The chief executive of Wexford County Council has faced an ethics hearing following allegations he threatened a local radio station with withdrawing sponsorship because of grievances with its current affairs coverage.
A hearing by the Standards in Public Office Commission (SIPOC) was held today into the conduct of Tom Enright, the local authority's chief executive, after he said he would pull advertising that had been worth €160,000 to South East Radio in an 18-month period.
The allegations centred on email exchanges in August 2019 with station management, in which Mr Enright said he was ceasing its commercial relationship because the council could "not continue to support a radio station that behaved in this manner".
By doing this, Mr Enright was accused of breaching ethics legislation by failing to have regard to the Code of Conduct for employees.
SIPOC became involved following a complaint that Mr Enright had threatened to withdraw direct funding and advertising with South East Radio due to its coverage.
The council's chief executive raised particular grievances with comments made on air by a current affairs contributor and presenter of its business show, Karl Fitzpatrick.
In his emails, Mr Enright had said the decision to pull advertising was based on a view that the comments made by Mr Fitzpatrick were "biased, unprofessional and unfair" and that the council's "patience run out" in terms of the broadcaster's response.
Complaint to SIPOC
Mr Fitzpatrick had complained to SIPOC in October 2019 about Mr Enright's conduct.
Giving evidence at the hearing, managing director of South East Radio, Eamonn Buttle, said the problem appeared to be rooted in a "serious personal dispute between Mr Fitzpatrick and Mr Enright", but the threat of withdrawing council support created a significant problem for the station.
"No local radio station in the country can exist without the full cooperation of the county council," Mr Buttle said.
He said he was surprised by the threats and by Mr Enright's decision to decline the opportunity to come on air and take part in a debate.
Mr Enright's senior counsel, Conor Power said there was no evidence presented to the hearing that complaints were based on a personal dispute and were instead focused on Mr Fitzpatrick in his role as the presenter of the business show.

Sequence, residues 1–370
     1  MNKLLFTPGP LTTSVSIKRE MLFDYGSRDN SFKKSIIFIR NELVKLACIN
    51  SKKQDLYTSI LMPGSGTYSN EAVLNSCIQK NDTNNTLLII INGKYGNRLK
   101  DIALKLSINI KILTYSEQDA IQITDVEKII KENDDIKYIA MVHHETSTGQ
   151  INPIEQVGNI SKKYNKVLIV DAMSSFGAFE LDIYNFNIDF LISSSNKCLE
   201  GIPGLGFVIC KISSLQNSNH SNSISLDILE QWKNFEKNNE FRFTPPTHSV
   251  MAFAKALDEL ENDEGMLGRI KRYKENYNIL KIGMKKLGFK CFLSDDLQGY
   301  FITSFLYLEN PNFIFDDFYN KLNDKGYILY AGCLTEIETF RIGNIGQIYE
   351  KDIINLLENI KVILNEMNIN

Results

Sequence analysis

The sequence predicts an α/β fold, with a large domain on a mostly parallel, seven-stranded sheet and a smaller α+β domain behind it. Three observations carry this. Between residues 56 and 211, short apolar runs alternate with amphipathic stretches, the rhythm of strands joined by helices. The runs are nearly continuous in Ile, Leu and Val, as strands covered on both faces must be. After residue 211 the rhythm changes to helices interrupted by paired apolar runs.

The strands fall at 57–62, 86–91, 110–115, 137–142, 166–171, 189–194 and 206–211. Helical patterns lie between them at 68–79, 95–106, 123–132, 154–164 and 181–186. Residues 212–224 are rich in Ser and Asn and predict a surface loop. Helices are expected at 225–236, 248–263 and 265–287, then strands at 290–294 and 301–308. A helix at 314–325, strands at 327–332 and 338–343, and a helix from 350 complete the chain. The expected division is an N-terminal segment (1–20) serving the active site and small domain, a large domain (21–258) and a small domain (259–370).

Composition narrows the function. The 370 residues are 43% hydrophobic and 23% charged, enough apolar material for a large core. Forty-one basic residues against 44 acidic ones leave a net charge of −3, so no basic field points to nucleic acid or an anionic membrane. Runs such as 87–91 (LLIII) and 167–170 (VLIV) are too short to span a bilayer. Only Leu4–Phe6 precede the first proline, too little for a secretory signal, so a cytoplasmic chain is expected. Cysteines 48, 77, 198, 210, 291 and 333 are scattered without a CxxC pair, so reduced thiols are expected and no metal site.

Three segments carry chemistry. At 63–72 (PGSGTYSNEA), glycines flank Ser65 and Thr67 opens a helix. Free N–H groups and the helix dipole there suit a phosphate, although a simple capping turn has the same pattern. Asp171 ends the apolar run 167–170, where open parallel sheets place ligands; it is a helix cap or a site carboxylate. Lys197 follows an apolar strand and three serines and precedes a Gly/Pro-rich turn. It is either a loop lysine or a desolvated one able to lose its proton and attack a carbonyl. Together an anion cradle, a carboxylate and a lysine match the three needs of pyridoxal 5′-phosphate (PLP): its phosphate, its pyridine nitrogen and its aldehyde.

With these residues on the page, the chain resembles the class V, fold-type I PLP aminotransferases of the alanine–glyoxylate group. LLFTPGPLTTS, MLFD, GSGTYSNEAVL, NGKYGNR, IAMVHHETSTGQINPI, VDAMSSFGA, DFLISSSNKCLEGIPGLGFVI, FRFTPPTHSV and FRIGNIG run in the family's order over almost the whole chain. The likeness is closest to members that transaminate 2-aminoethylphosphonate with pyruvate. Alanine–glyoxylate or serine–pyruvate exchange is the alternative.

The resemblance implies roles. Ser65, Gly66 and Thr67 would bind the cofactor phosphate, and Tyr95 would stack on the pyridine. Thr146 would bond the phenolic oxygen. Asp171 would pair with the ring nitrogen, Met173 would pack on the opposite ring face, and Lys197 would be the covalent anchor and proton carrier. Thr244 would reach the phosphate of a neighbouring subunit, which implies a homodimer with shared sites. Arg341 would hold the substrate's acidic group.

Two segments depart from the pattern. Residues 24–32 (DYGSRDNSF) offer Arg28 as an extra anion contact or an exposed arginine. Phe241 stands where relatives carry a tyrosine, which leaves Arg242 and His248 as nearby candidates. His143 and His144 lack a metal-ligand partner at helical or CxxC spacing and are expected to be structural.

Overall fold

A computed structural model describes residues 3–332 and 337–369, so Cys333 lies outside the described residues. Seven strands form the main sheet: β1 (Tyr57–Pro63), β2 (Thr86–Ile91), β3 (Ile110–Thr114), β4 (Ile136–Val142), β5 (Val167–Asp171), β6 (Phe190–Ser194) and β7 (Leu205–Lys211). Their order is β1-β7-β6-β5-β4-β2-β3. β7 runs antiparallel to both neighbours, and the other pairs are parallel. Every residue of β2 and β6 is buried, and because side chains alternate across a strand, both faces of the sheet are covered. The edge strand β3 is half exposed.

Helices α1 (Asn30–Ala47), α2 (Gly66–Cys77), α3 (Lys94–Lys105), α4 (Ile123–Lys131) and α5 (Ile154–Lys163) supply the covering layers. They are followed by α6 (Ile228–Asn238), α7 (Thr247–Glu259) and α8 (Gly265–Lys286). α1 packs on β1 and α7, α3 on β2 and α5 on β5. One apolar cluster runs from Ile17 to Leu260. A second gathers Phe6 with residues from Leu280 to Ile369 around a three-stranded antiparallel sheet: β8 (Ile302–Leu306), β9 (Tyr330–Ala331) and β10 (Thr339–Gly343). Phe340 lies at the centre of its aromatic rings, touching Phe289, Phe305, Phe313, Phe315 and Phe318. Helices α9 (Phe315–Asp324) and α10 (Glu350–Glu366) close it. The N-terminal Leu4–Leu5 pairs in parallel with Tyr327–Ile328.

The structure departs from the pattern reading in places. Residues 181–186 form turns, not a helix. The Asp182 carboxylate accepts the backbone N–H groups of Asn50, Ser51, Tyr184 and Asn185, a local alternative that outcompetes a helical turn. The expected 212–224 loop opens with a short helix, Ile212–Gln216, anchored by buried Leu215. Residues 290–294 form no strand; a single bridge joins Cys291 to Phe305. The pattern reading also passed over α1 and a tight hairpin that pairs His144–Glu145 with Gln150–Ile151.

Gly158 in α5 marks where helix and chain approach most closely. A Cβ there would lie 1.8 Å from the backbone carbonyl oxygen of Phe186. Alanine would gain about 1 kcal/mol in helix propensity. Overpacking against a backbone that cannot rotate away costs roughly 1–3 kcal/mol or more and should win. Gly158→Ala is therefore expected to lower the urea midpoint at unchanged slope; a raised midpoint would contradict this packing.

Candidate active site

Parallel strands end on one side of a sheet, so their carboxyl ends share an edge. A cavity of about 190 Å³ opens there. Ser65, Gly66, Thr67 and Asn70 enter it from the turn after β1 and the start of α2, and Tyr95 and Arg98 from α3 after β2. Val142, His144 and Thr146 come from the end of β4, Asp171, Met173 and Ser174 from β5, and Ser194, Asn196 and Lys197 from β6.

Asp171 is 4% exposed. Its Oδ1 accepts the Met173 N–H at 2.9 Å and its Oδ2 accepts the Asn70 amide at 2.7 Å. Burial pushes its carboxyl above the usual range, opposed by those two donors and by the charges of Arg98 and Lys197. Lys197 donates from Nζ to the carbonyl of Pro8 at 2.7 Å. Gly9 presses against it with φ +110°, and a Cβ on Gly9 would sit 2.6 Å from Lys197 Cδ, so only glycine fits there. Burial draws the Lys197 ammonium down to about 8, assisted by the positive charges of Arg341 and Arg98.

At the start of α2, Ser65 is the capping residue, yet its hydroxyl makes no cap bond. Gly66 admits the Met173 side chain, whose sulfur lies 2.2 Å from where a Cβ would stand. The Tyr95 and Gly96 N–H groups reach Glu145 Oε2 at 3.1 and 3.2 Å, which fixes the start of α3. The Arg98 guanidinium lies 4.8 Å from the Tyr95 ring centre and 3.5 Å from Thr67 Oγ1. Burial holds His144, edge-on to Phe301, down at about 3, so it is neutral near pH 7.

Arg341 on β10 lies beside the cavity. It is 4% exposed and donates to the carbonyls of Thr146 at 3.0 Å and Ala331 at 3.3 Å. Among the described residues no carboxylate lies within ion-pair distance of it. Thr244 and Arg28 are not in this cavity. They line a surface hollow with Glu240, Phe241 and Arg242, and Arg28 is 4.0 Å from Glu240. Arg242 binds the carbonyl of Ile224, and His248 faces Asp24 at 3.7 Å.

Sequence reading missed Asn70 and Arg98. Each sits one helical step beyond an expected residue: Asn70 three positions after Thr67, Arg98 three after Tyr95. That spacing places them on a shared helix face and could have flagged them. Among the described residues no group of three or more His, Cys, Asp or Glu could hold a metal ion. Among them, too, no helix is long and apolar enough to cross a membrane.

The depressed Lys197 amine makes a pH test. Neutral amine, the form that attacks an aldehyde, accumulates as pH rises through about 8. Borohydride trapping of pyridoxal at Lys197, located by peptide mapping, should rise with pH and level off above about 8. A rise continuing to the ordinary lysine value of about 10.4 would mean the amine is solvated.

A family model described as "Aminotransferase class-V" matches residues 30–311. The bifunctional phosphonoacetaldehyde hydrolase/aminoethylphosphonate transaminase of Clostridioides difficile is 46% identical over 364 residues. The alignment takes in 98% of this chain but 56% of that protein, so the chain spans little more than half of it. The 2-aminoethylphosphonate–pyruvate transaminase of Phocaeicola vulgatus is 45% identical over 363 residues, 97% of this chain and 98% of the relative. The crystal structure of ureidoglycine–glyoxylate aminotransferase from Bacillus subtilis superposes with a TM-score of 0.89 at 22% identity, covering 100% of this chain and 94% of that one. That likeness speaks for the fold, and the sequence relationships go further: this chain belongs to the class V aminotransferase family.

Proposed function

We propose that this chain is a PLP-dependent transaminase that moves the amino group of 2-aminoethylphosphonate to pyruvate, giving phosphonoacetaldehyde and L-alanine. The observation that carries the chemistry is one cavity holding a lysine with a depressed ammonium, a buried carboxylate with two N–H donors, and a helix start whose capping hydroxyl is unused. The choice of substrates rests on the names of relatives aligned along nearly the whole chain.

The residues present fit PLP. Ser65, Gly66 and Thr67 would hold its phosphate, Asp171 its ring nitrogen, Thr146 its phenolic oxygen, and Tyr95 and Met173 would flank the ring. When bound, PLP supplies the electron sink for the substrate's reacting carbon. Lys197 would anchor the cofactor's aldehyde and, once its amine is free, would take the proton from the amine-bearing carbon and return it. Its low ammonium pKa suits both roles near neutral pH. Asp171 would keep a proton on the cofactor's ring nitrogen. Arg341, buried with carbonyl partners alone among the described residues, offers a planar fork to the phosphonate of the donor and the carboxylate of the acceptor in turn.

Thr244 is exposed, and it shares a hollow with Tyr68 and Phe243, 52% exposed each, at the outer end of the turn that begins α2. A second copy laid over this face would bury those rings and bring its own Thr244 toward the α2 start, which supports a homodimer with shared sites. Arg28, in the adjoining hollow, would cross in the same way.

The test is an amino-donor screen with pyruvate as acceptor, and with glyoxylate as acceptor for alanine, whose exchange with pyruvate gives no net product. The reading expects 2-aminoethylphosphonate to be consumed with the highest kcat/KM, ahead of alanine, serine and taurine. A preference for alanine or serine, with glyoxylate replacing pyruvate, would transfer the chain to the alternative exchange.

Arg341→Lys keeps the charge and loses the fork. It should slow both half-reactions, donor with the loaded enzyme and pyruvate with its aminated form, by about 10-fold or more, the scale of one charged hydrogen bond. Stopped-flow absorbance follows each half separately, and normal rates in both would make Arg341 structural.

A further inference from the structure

Hearing told of Enright 'threats'
The SIPOC hearing was told that in August 2019 that Mr Enright wrote to South East Radio to say the council was reviewing its commercial relationship with the station.
He also said the council was withdrawing its sponsorship of the annual hospitality awards.
The hearing was told the threat was subsequently withdrawn in September 2019 after it was agreed, at the suggestion of South East Radio, to refer the complaints to the Broadcasting Authority of Ireland for a full investigation.
Although in doing so the broadcaster said it did not accept the validity of the complaints against its coverage but felt an independent investigation by the BAI would help resolve the matter.
At an early stage in today’s hearingm SIPOC ruled against Mr Enright's legal team in its challenge to its jurisdiction.
The commission said ordinarily a complaint should first be heard and considered by a local authority before it is referred to SIPOC.
However, the ruling said this case met the "exceptional circumstances" necessary to leapfrog a referral to the council because the allegation was against the chief executive of the council.
The seven-member commission took up the case after its inquiry officer, Rachel Lord, produced a report that said that in her view there was enough evidence to justify a public hearing into whether Mr Enright had breached the ethics legislation.
"I believe pressure was put on to alter the broadcasting practices of the station and that was not in keeping with the standards expect in the Code of Conduct," Ms Lord said.